Lots of flag-waving in 'Last Castle,' but star Redford fails to shine

In "The Last Castle," Robert Redford sometimes seems to have wandered over from some educational-TV program. In scene after scene, he makes speeches about flags, or prison history, or leadership, or castles; it's all very noble and inspiring, but doesn't really disguise the fact that he's not actually doing anything. Redford's become such an icon that all he has to do is show up, recite lines in that laconic, all-American voice, and let the sunlight glint off his hair; no emoting seems necessary. "He's become John Wayne," said my companion.

"The Last Castle"

With Robert Redford, James Gandolfini, Mark Ruffalo, Clifton Collins Jr., Steve Burton, Delroy Lindo. Directed by Rod Lurie, from a screenplay by David Scarpa and Graham Yost, based on a story by Scarpa. 131 minutes. Rated R for language and violence. Several theaters.
Redford plays the much-decorated Gen. Irwin who's been court-martialed, stripped of his rank, and thrown into a maximum-security military prison, where he has issues with some of the prison's harsh policies. The warden, Col. Winter (James Gandolfini), respects Irwin but isn't about to let anyone interfere with how he runs his prison, by God. The two clash, not unpredictably, and the entire prison gets caught up in the battle.

Director Rod Lurie showed in last year's "The Contender" (which he also wrote) that he knows how to pace a movie to build tension; but what he didn't demonstrate was any real feel for story and character. With "The Last Castle," he's working with screenwriters (David Scarpa and Graham Yost), but the same weaknesses remain. This time it's Redford, rather than Joan Allen, who has to be impossibly noble, and the virtues piled upon Irwin strain plausibility.

In addition to his brilliant military career, Irwin possesses astonishing physical stamina (I winced when the 60-something Redford got clubbed by prison guards, but he was on his feet instantly, like Batman), he's got a magical touch that causes feuding prisoners to lay aside differences and work together, and he's even a great chess player. A brief scene in which Irwin's visiting daughter tells him that he wasn't a perfect father feels tossed in, more to put an attractive woman into the movie than for dramatic reasons.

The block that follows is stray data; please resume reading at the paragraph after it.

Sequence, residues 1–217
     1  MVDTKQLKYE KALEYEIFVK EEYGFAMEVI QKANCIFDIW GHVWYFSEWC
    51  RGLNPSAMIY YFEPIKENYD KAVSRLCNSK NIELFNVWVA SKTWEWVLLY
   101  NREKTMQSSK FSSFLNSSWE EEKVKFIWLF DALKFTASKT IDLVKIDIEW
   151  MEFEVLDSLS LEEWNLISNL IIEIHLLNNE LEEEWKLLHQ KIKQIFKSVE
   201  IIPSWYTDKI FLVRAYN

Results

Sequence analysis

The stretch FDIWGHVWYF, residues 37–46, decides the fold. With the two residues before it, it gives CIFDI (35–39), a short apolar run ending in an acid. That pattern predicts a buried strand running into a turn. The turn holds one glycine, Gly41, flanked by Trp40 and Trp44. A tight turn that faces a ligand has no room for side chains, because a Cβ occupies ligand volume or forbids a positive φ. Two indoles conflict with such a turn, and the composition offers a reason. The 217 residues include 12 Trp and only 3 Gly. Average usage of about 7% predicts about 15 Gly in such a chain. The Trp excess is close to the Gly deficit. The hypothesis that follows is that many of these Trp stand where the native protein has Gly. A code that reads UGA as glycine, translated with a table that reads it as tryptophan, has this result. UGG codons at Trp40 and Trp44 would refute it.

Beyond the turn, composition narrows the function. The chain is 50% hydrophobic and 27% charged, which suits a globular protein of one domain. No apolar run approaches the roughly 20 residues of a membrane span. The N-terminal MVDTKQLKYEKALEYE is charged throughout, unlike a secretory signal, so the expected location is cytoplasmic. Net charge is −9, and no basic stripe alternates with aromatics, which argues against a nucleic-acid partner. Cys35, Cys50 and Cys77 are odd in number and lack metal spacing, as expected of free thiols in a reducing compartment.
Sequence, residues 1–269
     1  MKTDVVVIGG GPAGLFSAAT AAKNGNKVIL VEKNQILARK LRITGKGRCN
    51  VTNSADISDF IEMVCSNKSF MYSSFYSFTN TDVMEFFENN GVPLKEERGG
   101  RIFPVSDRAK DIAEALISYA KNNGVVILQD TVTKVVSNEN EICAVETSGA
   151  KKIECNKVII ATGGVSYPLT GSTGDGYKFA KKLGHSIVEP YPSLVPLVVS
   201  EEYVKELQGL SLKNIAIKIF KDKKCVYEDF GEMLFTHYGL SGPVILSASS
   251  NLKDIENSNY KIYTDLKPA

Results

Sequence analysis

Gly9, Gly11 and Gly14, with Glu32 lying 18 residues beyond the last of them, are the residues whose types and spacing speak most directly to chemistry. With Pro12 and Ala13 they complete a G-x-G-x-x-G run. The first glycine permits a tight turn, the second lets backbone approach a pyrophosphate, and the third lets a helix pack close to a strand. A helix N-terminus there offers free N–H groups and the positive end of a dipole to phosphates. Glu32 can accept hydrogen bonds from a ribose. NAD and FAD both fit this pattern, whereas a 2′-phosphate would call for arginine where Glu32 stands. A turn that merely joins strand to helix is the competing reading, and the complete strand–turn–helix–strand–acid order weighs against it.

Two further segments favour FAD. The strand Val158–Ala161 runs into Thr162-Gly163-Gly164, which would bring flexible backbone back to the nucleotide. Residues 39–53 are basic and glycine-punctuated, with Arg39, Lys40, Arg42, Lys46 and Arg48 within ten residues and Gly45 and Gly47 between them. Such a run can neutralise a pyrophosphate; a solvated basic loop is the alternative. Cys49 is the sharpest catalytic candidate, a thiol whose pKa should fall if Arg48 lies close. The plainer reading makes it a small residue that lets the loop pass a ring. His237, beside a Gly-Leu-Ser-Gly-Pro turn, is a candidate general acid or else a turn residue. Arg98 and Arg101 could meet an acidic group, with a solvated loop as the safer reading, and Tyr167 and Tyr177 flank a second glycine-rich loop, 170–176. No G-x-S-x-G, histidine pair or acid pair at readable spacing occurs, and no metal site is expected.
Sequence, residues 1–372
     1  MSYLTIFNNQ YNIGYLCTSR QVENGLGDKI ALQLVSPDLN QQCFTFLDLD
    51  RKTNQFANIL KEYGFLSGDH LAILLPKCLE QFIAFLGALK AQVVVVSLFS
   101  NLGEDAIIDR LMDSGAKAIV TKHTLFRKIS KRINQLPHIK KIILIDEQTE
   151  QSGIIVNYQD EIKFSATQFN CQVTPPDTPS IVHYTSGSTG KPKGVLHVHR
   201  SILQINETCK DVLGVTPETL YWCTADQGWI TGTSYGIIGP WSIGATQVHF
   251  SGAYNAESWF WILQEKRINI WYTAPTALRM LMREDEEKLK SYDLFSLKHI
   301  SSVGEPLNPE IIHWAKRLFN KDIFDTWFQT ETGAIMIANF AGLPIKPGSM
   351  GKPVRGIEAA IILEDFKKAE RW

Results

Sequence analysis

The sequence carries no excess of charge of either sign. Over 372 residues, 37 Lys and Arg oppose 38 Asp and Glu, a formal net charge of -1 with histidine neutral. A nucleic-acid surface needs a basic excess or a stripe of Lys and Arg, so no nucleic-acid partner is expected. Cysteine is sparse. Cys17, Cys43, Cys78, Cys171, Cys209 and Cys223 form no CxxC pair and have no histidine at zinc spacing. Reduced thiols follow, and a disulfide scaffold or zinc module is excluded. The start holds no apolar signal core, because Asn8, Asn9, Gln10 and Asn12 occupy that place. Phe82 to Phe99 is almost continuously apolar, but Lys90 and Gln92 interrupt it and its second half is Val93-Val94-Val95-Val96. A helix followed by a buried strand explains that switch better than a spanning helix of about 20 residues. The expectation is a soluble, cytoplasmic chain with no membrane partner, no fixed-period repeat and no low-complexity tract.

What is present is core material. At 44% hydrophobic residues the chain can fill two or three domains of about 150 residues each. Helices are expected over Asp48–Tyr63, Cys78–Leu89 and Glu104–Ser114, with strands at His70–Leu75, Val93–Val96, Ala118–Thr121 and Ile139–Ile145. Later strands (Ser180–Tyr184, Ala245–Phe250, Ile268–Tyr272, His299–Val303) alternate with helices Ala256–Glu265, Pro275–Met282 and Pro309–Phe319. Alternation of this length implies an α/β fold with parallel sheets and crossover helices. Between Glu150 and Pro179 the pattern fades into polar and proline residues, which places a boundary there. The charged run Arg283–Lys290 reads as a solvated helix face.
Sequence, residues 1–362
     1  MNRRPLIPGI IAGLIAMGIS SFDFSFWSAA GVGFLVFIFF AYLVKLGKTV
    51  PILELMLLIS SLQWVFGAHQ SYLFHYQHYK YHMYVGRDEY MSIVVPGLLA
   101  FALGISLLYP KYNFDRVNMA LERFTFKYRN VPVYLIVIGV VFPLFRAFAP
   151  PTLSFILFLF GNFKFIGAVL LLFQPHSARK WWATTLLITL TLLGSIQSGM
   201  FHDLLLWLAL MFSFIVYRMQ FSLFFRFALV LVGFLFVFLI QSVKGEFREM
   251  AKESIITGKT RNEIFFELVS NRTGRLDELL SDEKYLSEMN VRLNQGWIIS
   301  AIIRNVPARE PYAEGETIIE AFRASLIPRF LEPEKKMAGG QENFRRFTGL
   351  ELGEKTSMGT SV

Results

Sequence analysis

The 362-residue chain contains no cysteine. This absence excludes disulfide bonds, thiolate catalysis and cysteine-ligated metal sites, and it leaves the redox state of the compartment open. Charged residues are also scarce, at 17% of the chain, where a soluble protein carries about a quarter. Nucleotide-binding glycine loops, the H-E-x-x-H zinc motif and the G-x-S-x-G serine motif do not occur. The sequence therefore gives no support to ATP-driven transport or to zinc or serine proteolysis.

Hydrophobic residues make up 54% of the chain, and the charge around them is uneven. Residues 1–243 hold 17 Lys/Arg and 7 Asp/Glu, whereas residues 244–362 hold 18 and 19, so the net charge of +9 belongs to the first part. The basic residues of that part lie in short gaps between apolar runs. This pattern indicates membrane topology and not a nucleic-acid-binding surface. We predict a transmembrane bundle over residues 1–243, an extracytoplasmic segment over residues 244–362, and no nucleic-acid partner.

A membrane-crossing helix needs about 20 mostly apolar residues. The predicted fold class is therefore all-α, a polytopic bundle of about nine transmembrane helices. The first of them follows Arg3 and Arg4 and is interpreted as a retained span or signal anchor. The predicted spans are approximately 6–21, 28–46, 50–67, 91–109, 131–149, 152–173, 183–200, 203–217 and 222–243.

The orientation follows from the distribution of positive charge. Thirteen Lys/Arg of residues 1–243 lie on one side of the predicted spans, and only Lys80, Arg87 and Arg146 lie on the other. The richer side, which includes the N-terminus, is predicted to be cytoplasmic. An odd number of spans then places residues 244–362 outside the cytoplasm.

Meanwhile, since Redford gets to be the good guy, Gandolfini has to be the bad guy, and sadly this fine actor disintegrates into a series of hangdog glowers and discouraged slouches. It's not his fault; the screenplay's simply lead-footed, and we know from the start that his character can't compete against Irwin. (For example, Winter listens to Salieri in his office. We don't get to hear what kind of music Irwin likes, but I suspect it would be Mozart.)

Speaking of fine actors, Mark Ruffalo brings his boyish, slurry-voiced honesty to a small role; Delroy Lindo is impressive but barely on screen in an even smaller one.

By the end, it's all flag-waving melodrama and a great deal of talk about what makes a leader. "The Last Castle," while engrossing in parts, might have benefited from more pre-shooting talk about what makes an intriguing character — and what makes a star performance.

Moira Macdonald can be reached at 206-464-2725 or mmacdonald@seattletimes.com.